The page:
Now I go for long walks and whilst I often take a camera with me, I rarely even take it out of the bag other than to make a quick snap of something I might want to come back to later: most of my “real” photography happens when I go out in order to make photographs. But I know that I can now compose and create images more thoughtfully and deliberately at speed (I’ve photographed at events, incl. weddings, when that is a necessary skill), and I wondered if that might still be the case if I tried to use a whole roll of film in one go.

The rules for the day!

The rules for the day!

So earlier this week, when we were going out for a family walk, I decided to “shoot a roll” and made a note of some conditions that I would use, setting myself some parameters (I was using a digital camera):

  • I would take exactly 24 or 36 photos (i.e. a full roll of film)
  • I would use only one lens (I chose to use a Lensbaby, a manual focus distorting lens… because, well, just because…)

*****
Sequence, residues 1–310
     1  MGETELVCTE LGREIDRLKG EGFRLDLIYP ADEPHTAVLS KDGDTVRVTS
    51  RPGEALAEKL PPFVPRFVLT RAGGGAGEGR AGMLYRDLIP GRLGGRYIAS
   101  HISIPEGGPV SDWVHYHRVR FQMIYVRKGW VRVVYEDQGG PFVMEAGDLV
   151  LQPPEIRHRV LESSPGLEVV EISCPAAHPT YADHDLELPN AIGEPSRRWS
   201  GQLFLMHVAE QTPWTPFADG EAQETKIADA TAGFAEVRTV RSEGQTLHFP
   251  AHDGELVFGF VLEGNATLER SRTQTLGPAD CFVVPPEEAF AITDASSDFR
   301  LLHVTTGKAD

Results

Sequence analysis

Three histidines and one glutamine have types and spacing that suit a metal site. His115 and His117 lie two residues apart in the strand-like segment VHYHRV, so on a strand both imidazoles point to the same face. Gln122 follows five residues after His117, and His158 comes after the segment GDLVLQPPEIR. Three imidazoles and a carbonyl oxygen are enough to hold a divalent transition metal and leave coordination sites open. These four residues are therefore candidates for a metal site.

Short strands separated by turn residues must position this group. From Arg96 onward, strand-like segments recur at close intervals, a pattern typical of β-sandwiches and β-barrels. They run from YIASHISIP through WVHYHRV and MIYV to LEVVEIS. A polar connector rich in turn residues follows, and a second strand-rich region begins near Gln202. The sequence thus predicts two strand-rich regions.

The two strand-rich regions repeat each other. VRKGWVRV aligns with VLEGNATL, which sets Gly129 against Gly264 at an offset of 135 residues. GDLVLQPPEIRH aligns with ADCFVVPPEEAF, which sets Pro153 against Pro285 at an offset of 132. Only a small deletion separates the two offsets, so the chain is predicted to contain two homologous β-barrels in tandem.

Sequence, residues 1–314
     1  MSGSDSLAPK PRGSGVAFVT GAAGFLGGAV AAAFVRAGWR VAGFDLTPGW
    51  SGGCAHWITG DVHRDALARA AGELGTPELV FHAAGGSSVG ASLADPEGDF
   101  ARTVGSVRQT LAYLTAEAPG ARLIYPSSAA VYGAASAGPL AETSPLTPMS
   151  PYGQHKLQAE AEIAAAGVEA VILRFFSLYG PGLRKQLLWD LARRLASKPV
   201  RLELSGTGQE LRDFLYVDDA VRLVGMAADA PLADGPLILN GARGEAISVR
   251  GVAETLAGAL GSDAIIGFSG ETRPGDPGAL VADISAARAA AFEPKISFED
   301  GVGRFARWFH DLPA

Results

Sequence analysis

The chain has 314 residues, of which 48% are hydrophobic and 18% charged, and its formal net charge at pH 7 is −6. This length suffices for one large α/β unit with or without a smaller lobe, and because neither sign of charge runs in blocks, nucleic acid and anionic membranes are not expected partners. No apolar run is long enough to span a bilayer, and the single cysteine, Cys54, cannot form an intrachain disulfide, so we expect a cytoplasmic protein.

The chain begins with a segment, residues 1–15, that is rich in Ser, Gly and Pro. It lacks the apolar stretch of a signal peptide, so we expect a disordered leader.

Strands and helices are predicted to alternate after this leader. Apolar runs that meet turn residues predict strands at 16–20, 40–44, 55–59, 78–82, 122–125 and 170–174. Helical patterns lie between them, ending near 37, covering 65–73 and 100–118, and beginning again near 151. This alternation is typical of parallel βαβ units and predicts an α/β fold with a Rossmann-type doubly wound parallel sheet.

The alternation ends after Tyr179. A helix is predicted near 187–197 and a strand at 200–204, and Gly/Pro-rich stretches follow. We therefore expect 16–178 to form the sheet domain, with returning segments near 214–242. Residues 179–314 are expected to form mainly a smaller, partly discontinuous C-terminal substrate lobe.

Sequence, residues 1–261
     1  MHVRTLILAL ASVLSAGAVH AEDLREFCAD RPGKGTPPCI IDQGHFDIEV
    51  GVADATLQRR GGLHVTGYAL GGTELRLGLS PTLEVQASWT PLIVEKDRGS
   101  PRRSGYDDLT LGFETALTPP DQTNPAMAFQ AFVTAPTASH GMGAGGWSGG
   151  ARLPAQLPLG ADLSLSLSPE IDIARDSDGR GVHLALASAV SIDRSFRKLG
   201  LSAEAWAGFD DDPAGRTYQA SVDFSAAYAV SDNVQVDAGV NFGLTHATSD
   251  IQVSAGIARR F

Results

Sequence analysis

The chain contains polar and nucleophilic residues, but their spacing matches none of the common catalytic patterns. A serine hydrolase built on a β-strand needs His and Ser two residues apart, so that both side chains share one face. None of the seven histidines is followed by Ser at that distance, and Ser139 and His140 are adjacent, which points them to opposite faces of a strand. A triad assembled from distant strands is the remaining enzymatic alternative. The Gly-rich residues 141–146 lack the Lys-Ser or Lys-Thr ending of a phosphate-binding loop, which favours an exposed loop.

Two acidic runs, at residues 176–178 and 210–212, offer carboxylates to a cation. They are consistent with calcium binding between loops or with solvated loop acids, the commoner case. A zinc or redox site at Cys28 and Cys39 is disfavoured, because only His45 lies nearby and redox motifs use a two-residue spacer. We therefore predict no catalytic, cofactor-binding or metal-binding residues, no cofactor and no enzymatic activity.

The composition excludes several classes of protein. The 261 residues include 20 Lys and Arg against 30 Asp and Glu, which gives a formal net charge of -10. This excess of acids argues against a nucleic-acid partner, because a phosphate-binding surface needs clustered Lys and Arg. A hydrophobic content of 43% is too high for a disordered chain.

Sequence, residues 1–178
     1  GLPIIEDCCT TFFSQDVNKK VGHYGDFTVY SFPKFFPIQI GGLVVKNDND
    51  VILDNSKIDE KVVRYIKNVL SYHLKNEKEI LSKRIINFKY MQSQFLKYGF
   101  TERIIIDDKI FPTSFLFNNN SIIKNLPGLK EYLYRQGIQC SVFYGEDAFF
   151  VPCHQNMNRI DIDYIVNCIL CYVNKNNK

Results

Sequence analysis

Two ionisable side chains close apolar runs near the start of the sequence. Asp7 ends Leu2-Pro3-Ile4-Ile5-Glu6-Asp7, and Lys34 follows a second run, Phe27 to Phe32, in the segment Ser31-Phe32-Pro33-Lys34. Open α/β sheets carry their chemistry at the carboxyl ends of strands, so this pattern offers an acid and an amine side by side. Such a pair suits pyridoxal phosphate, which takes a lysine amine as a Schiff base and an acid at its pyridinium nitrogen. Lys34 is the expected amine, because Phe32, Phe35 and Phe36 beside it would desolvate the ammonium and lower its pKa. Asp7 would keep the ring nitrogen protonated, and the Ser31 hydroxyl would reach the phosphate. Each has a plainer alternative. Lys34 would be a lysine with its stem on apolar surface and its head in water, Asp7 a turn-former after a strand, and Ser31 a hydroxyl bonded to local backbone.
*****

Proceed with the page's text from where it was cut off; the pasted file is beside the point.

• I would allow myself no chimping or subsequent deleting of images – this would be “a complete roll”
  • I would allow myself to crop later to either 5×4 or square format if I thought that was appropriate – in the old days, I just cut prints to make them the size I wanted, so this seemed a legitimate reinterpretation of a pair of scissors!
  • I would mostly use f2.8, partly to accentuate the craziness of the Lensbaby, partly because I knew that I could just be lazy by not changing the aperture (which involves swapping out little metal rings using a wee magnetic stick, and is a bit of a bother; however, it did mean I would need to focus pretty accurately).

So with these restricted parameters, I went with the family on a short walk through the woodlands at the base of Beinn Eighe. I made 24 images, as follows (click to show larger versions):